SBS > Gold > Immigration and Population

The gold rush transformed a former convict colony into a first choice destination for free emigrants. Europeans, North Americans, South Americans, Indians, Chinese and Africans were among the thousands who answered the call of Australian gold. As an experiment in multiculturalism however, the gold fields were a failure. Fear and hatred of the Chinese miners led to violence and eventually, legislation to restrict their numbers. Often forgotten in gold rush history, Indigenous Australians were also greatly affected by the influx of migrants and the loss of land and culture.


The immigration rush
Hundreds and thousands of hopeful diggers rushed to Australia and transformed the population.

Multicultural gold fields
Diggers from all over the world created Australia’s first truly culturally diverse society on the gold fields.

The New Gold Mountain
Thousands of Chinese headed to Australia in search of fortune.

Fear of the Chinese
More than any other cultural group, the Chinese were singled out and despised on the gold fields.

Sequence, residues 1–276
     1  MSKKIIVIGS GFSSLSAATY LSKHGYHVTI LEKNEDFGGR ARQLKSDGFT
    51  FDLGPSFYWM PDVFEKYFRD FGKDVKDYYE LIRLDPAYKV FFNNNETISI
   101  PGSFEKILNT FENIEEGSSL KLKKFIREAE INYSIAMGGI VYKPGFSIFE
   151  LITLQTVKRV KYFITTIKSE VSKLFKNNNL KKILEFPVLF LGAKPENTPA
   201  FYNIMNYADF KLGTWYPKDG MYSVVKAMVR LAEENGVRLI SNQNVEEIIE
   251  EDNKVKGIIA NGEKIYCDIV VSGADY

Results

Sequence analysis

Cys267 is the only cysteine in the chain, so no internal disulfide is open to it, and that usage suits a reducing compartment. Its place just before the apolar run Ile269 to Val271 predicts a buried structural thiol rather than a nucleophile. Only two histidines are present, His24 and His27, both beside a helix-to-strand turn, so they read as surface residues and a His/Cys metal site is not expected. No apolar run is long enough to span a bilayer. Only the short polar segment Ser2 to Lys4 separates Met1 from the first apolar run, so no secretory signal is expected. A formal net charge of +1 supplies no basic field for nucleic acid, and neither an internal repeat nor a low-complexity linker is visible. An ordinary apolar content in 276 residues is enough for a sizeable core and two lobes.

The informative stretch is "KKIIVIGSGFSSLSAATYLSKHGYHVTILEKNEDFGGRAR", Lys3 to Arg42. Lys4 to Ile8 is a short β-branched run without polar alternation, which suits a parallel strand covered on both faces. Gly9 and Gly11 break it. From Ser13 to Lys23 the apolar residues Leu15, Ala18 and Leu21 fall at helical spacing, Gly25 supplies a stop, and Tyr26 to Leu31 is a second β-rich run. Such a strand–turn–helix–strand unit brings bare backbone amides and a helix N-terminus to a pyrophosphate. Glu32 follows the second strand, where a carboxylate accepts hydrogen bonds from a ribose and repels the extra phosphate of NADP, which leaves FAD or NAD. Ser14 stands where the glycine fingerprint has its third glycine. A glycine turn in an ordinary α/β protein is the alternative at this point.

Stereotyping the Chinese
Racist stereotypes fuelled the European diggers' sense of superiority.

Anti-Chinese riots and rorts
Fear and hatred of the Chinese soon escalated to violence.

Restrictive immigration Acts
Colonial authorities introduce legislation to control Chinese migration.

The walk from Robe
Unable to land in Victorian ports in any great numbers, the Chinese travelled hundreds of miles overland from South Australia to the diggings in Victoria.

Mining Aboriginal lands
The gold rush was another battle in the continuing war against Aboriginal culture.

Images of Aboriginality
Many diggers held low opinions of the Indigenous Australians but others, based on more positive relationships, thought highly of the Aboriginal race and culture.

Opportunities for Aborigines
Indigenous Australians did not stand idly by as the gold rush erupted around them. Many made the most of opportunities for trade, jobs and knowledge.

The Native Police Corps
Perhaps the most significant contribution Indigenous Australians made to the gold rush was as policemen in the Native Police Corps.



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Australian soldiers were called diggers, as many men who fought for Australia in WWI were diggers from the goldfields.
 
 

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